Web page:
The South African government is taking crucial steps to address the issue of State Capture, and one of the key measures is the National Prosecuting Authority (NPA) Amendment Bill. This bill has recently been presented in Parliament, but concerns have arisen about its effectiveness in ensuring the independence of the NPA. In this article, we will explore the significance of the NPA Amendment Bill and why public input is essential.
The Purpose of the NPA Amendment Bill
The NPA Amendment Bill is a response to the recommendations made by the Zondo Commission, which investigated State Capture in South Africa. The President’s response to the State Capture Report included three main points:
- Establishing a permanent Investigating Directorate.
- Ensuring transparency in the appointment of the head of prosecutions.
- Strengthening the capacity of the NPA.
However, the current NPA Amendment Bill primarily focuses on the first point – the establishment of a permanent Investigating Directorate within the NPA.
Concerns about the Independence of the NPA
While the creation of a permanent Investigating Directorate is a step in the right direction, some Members of Parliament (MPs) and legal experts have expressed concerns about the bill’s limited scope in addressing the broader issue of NPA independence. Werner Horn of the Democratic Alliance (DA) highlighted this concern, emphasizing the importance of establishing an independent NPA.
He stated, “We must be worried that there’s a disconnect between the remarks of the Zondo Commission about the importance of establishing an independent NPA versus the envisaged work as set out by the department and this government.”
The African Christian Democratic Party (ACDP) MP, Steve Swart, expressed disappointment that there wasn’t enough time to address the issue of NPA independence within the current bill. He acknowledged that constitutional amendments would be necessary to achieve this, but regretted that this would be postponed until after the upcoming elections.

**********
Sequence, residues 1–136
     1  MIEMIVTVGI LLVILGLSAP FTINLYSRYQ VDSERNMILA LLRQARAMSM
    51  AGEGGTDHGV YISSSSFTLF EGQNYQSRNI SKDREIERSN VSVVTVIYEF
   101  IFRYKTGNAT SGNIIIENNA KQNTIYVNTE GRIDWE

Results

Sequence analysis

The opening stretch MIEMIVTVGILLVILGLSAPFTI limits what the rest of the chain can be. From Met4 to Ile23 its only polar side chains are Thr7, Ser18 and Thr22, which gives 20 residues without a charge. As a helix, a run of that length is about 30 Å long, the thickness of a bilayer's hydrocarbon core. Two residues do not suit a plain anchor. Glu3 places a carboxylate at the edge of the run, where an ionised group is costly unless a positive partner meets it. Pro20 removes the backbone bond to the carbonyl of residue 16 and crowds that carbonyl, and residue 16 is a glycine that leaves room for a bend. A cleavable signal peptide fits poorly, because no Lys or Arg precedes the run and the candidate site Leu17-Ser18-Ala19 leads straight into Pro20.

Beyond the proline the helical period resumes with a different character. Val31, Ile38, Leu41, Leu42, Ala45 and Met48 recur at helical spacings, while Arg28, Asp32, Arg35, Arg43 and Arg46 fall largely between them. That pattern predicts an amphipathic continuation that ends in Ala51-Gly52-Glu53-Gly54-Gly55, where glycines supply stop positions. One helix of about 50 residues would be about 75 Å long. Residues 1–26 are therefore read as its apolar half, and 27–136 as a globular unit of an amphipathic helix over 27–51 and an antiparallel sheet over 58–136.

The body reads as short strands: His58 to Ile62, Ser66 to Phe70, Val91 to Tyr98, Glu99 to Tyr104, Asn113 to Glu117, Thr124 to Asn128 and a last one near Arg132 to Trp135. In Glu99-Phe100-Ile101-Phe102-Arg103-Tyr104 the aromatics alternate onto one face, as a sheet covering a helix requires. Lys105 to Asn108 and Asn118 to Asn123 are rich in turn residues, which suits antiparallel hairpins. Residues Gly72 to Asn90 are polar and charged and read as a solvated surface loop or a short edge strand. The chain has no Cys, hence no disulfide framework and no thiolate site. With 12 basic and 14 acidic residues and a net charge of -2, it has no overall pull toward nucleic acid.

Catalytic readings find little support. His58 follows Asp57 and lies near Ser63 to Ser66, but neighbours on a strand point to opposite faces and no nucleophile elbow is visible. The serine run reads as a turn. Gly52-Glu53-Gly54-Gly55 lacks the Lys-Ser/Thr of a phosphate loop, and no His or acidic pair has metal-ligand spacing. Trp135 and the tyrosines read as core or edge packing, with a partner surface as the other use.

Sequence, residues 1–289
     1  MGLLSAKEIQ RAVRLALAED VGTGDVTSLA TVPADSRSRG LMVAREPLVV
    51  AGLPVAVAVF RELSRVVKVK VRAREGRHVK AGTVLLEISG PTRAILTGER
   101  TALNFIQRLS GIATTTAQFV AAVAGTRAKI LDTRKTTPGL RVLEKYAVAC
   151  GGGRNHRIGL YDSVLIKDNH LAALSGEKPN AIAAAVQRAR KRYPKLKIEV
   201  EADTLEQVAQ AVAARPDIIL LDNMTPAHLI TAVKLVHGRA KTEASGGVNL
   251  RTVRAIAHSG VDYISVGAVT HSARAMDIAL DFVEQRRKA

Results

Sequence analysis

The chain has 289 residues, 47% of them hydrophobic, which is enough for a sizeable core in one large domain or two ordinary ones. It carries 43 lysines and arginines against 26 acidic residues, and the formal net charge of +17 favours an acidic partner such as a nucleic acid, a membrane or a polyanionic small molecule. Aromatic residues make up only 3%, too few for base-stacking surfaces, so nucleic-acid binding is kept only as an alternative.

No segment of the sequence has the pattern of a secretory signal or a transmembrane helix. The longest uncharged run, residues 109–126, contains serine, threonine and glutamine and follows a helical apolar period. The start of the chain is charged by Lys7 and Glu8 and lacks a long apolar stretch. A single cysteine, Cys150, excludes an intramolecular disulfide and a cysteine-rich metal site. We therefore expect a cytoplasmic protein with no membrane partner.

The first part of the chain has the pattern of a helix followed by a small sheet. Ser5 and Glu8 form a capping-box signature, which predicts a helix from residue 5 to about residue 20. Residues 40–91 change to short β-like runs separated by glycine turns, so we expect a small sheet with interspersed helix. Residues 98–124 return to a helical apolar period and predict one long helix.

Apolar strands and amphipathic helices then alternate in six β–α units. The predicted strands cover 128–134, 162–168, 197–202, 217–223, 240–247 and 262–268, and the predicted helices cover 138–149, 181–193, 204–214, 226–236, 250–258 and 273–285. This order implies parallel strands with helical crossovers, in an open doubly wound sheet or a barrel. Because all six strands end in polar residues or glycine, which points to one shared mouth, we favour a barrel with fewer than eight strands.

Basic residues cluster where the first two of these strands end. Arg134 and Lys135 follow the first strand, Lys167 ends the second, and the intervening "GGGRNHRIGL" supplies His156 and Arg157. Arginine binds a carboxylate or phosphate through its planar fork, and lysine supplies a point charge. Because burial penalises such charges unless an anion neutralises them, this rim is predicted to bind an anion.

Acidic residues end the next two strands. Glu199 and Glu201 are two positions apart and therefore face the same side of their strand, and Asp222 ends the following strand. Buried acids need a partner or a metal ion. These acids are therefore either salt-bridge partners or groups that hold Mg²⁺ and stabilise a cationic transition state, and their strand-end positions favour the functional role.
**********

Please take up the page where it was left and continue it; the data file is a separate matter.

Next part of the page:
Deputy Minister for Justice and Constitutional Development, John Jeffery, defended the decision, stating, “Those are all issues that are quite complicated, it needs to be reflected on, deliberated on, and will take time, particularly if they involve constitutional amendments.”
Glynnis Breytenbach of the DA raised a pertinent issue, drawing from historical examples. She argued that an Investigating Directorate housed within the NPA might not be truly independent. She cited the fate of the former Investigating Directorate, the Directorate for Special Operations (Scorpions), which was disbanded when it pursued politicians aggressively.
This raises questions about the autonomy of the NPA in investigating and prosecuting cases involving powerful individuals and entities. Without true independence, the NPA may struggle to hold those responsible for corruption and State Capture accountable.
Time is of the Essence
The Department of Justice and Constitutional Development is racing against time to pass the NPA Amendment Bill before the current Parliament’s term concludes, ahead of next year’s general elections. The closing date for public submissions on the National Prosecuting Authority Amendment Bill is the 6th of October.
It is crucial for South Africans to voice their opinions and concerns during this period. The bill’s limitations in addressing NPA independence need to be discussed and debated extensively to ensure that the NPA can effectively combat State Capture in the future.
The National Prosecuting Authority Amendment Bill is a significant step in South Africa’s fight against State Capture. However, it is essential to address concerns about the independence of the NPA to ensure that it can function effectively and without political interference. Public input during the comment period is a valuable opportunity for citizens to contribute to the improvement of this critical legislation. Together, we can work towards a more transparent and accountable future for South Africa.